“We support the good work Cycling UK does to try to promote and encourage inclusive cycling, and we want to improve conditions to make everyday journeys possible for children and adults on any type of cycle. We want to revolutionise the assumption that cycling means bicycling. I’ve worked in disability all my life and will continue to fight for the rights of the disabled for the rest of it.”
The campaigning door has also been opened for 53-year-old Alan Mendelsohn now he has discovered cycling. Alan travelled to Monday’s Herne Hill event from his home in Stoke Newington using the new KMX Kart recumbent tricycle he bought less than two months ago (pictured below).
He said: “It really has changed my life. It’s wonderful – like cycling with your own personal deckchair!”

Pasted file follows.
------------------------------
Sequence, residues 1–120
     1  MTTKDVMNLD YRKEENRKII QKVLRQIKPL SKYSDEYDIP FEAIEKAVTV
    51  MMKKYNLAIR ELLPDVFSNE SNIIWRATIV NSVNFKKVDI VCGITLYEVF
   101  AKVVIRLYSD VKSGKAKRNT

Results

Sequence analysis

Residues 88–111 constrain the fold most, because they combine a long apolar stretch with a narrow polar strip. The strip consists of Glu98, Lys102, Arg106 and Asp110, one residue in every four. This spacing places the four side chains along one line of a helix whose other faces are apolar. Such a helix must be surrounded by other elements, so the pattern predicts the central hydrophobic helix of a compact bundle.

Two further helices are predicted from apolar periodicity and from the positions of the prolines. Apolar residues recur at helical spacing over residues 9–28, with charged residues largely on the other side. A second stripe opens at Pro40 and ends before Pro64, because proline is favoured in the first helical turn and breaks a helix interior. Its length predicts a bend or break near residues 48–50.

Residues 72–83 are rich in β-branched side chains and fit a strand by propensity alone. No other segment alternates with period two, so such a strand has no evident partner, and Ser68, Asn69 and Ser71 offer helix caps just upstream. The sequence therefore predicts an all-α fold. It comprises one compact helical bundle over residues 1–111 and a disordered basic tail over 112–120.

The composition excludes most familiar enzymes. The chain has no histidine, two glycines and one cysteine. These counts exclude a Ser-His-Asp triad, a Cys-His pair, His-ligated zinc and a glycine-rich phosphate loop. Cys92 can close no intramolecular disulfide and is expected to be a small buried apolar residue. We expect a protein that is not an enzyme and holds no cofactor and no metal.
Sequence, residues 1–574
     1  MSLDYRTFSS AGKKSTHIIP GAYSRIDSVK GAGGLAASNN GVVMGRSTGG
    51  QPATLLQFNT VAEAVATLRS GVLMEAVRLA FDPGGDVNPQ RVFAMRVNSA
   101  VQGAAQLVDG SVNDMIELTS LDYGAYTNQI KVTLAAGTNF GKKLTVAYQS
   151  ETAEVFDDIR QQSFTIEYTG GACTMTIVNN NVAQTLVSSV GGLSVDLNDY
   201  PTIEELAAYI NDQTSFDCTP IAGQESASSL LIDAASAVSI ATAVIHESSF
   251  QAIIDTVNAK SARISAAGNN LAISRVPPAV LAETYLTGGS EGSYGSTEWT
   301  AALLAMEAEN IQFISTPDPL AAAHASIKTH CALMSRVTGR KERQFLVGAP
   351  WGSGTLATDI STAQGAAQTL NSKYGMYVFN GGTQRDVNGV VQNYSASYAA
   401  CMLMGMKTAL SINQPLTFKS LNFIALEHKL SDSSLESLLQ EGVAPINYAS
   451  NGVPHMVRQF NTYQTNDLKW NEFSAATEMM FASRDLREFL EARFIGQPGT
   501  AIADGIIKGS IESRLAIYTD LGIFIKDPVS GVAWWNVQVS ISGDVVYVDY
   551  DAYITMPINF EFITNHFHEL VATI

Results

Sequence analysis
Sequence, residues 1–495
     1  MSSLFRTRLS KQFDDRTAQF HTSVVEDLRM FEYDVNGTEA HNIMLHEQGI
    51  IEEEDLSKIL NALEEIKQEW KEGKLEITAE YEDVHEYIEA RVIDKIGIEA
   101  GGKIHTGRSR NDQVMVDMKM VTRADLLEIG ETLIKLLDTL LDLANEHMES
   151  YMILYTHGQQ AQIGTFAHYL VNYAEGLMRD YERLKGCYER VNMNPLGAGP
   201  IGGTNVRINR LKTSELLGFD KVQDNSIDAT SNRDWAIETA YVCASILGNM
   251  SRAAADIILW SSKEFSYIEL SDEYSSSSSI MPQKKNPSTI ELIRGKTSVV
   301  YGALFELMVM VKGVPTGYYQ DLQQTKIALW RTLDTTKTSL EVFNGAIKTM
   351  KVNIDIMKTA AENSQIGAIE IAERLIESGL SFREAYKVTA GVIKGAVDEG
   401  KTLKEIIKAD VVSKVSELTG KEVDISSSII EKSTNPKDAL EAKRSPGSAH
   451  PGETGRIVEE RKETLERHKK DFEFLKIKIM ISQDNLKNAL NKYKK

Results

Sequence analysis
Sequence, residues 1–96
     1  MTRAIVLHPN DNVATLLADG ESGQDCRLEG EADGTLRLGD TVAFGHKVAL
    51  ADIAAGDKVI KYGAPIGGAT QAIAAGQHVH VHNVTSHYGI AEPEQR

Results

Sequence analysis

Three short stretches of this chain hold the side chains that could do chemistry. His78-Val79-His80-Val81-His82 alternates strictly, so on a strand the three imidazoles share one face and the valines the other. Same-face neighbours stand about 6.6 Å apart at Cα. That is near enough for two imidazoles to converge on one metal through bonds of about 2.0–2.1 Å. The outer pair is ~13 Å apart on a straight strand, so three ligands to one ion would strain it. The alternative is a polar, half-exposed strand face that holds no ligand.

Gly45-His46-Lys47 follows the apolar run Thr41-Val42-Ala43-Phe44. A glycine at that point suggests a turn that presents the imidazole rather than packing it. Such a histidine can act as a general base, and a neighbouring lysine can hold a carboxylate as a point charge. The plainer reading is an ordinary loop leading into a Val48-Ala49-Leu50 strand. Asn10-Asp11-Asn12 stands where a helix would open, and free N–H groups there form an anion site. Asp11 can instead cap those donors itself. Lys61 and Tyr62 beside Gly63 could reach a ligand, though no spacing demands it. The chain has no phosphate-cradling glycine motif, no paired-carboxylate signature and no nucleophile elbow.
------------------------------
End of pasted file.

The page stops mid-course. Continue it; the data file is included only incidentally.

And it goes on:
Alan was wounded in Lebanon in 1983 when his tank was struck by a missile and he shattered two discs in his back as he hit the ground. During his recovery he joined the bomb disposal unit as a technical translator from English into Hebrew and vice versa. He then became an Army photographer for the bomb disposal unit. Not only was he shot at – with people thinking his camera was a weapon – but he also saw many friends and colleagues in the unit die.
Serving in the Middle East left deep emotional scars and Alan suffered post-traumatic stress disorder (PTSD).
He had his last back operation in 1996 but suffered further complications 10 years later, and now has to walk using a stick – although covering even a short distance is uncomfortable and painful.
He said: “I used to be a cyclist but even riding a bike with full suspension became agony. The medical experts told me to stay away from it.